To summarize the above said, medical slang involves creating a sense of belonging to the team of health care providers; establishes a unique identity; provides a private means of communication; exercises creativity, humour, and wit to some extend; softens tragedy and discharges strong emotions.
Analysis of medical slang glossaries demonstrates that most slang words or phrases used in medicine are related to and may be grouped into different categories including but not limited to: 1) the setting (various types of hospitals and provided facilities): air wolf – air-ambulance [3], death camp – terminal nursing home [3]; 2) the medical players (care-givers and care-receivers): axe – a surgeon [3], banana – a patient with jaundice [3]; 3) medical conditions and related problems: acute lead poisoning – a gunshot wound [6]; 4) types of medications: bug juice – antibiotics [5], Vitamin M – morphine [3]; 5) the social processes occurring in hospital, i.e. patient admission, diagnosis, treatment and discharge, etc.: basement admission – will end up in hospital morgue (as a rule, located in the hospital basement) [3], hallucinoma – a mass seen on a scan or X-ray that was not really there [3]; 5) death and dying: 10th Floor Transfer – dying [5],  ART (Assuming/Approaching Room Temperature) – dead [3], to box – to die [6].
Medical slang as a language phenomenon has consistent nature and peculiarities. In English language, medical slang is of lexical rather than phonological or syntactic nature. However, body language and intonation are often critical for a word or phrase to be interpreted as slang. Besides, slang expressions do not allow idiosyncratic word order. Slang phrases are usually formed in an established synthetic pattern. Furthermore, morphological processes occurring in this language phenomenon are the same as those characteristic to ordinary vocabulary, i.e. compounding, affixation, shortening, and functional shift [7].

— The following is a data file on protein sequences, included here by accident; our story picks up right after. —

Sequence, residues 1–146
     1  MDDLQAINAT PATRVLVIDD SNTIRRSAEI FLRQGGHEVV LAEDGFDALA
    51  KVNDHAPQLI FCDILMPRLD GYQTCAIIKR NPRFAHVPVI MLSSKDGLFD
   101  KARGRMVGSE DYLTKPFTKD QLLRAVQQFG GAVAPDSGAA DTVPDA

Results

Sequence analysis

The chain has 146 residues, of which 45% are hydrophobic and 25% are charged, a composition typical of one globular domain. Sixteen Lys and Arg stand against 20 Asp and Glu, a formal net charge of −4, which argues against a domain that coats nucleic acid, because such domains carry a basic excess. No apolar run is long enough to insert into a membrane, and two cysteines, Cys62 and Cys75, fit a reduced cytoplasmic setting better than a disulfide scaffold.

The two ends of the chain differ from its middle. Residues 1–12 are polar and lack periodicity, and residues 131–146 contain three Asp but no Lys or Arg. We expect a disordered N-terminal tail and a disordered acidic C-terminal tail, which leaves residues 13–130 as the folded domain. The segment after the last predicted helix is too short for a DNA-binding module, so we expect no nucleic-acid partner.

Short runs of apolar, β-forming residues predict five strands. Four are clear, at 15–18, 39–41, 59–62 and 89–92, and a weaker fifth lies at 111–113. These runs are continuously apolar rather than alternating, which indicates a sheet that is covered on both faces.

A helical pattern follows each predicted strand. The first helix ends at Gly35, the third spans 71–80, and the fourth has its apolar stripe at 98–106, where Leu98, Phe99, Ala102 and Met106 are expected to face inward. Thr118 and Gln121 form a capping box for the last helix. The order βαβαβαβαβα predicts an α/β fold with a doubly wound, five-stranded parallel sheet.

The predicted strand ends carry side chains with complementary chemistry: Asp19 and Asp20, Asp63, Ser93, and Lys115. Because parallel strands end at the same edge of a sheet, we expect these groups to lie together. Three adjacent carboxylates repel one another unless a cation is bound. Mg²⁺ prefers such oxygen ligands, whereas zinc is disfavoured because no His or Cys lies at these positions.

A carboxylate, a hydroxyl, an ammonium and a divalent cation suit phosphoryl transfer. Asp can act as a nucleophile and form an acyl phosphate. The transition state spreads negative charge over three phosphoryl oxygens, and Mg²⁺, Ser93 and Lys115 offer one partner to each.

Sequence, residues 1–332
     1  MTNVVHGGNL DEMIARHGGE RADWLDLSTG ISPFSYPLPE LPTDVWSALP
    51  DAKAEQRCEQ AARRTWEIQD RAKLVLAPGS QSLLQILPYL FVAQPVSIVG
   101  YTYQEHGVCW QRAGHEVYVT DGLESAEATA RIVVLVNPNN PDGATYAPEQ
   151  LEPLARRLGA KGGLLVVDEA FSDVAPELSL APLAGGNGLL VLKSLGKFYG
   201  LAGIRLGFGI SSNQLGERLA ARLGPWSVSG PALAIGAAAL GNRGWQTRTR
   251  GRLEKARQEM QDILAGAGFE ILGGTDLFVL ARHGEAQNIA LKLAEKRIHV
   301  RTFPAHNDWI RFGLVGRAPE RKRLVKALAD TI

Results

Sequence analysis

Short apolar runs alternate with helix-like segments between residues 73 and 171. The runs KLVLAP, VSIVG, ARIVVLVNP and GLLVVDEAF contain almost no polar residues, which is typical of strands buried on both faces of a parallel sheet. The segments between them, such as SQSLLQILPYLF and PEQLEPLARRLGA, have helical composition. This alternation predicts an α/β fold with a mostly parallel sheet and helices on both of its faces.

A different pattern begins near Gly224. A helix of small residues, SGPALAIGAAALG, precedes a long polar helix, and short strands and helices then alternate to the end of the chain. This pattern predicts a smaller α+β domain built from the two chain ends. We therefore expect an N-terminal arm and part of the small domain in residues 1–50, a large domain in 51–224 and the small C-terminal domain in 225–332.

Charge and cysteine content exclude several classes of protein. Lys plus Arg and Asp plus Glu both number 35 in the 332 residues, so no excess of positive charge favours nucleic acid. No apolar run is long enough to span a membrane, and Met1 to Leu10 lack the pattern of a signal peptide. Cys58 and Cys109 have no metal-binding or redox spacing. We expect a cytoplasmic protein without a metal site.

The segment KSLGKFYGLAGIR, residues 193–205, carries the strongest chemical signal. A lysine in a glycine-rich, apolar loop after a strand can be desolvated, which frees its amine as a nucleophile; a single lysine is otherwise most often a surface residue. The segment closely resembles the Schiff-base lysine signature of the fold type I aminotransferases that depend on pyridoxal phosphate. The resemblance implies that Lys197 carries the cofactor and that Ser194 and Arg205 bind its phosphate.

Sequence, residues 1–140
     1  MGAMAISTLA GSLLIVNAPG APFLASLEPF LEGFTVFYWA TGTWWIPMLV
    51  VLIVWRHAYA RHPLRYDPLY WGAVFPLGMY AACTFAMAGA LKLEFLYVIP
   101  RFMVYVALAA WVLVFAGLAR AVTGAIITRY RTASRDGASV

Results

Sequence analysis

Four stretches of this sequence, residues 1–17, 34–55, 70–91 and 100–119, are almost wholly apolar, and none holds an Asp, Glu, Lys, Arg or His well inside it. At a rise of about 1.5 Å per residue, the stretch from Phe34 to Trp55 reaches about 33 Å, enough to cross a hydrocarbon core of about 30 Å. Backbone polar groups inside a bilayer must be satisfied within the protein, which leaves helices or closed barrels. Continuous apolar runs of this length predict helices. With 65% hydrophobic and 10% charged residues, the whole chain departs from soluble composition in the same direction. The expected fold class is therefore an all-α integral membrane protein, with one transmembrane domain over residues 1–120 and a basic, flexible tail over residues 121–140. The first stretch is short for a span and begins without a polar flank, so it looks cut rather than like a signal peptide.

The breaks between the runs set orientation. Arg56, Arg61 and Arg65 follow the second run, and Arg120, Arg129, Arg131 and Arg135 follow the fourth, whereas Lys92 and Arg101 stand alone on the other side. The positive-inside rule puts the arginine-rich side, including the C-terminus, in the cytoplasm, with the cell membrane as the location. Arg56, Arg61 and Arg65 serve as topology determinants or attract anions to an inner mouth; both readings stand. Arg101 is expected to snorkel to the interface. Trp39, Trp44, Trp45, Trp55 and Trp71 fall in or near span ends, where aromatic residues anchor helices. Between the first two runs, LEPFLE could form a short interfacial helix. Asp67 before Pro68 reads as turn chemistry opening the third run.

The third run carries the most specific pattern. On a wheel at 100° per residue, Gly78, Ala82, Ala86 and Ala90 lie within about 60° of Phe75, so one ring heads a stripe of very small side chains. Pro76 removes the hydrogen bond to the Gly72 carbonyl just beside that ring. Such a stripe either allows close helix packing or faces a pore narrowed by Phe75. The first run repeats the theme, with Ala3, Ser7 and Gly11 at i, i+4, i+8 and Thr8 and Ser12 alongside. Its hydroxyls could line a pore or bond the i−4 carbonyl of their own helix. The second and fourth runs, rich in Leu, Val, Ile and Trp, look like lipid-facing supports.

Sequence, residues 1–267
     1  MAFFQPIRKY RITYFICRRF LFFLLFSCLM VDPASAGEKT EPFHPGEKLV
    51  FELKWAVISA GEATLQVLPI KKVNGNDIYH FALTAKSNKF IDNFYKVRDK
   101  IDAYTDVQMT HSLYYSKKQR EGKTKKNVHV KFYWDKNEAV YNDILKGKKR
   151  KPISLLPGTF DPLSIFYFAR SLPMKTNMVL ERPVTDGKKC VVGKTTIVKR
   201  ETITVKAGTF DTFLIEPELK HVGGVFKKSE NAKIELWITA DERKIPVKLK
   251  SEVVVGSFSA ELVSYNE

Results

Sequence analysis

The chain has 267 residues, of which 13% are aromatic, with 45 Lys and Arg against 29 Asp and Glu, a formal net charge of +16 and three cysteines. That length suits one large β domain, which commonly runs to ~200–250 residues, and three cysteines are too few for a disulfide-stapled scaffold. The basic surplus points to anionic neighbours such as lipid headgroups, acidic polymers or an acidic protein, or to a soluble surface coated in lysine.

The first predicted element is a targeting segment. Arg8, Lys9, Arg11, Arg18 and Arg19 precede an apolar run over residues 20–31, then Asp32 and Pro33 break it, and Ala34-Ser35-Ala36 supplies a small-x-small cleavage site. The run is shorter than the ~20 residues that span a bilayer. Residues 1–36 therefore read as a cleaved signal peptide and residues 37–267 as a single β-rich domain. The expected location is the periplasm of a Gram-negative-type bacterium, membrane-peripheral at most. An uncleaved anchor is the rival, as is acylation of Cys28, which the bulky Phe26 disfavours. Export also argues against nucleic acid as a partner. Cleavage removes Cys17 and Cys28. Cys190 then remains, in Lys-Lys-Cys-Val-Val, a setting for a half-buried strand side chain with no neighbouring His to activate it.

However, judging from compiled medical slang glossaries, the most productive ways of slang formation are abbreviations and creation of medical term substitutes by means of tropes (rhetorical figures of speech). It is an accepted fact that an abbreviation is a shortened form of a word or phrase. Usually, but not always, it consists of a letter or group of letters taken from the word or phrase, e.g.: BWCO (Baby Won’t Come Out) – needs Caesarian [3], CBT (Chronic Burger/Biscuit Toxicity) – obesity [5]. There are several types of abbreviations, the most common being acronyms and initialisms.
Acronym is defined as a word formed from the initial parts including letters, syllables or arbitrary parts of a name [1]: CHAOS (Chronic Hurts All Over Syndrome) – fibromyalgia [3], Hippo – hypochondriac or depressive [3], Hi 5 – HIV positive (‘V’ being Roman for 5) [5]. Initialism, on the contrary, is a group of initial letters used as an abbreviation for a name or expression, each letter being pronounced separately [1]: FTF (Failed to Fly) – botched suicide [3], VIP – very intoxicated person [3]. Therefore, the key difference between an acronym and initialism is as follows: an acronym forms a new word, while an initalism is deprived of such ability.
The use of figurative language by health care providers is another means of slang formation and may be explained by the fact that it facilitates informal expert-to-expert communication that is full of value judgments which connote demonstrations, criticism and agreement/disagreement, with traces of hidden emotions, admiration, irony and contempt, etc [2]. Besides, tropes help in substituting routine medical terms with words and expressions unfamiliar to non-specialists. The most commonly applied tropes that participate in medical slang creation are metaphors, metonymies and euphemisms.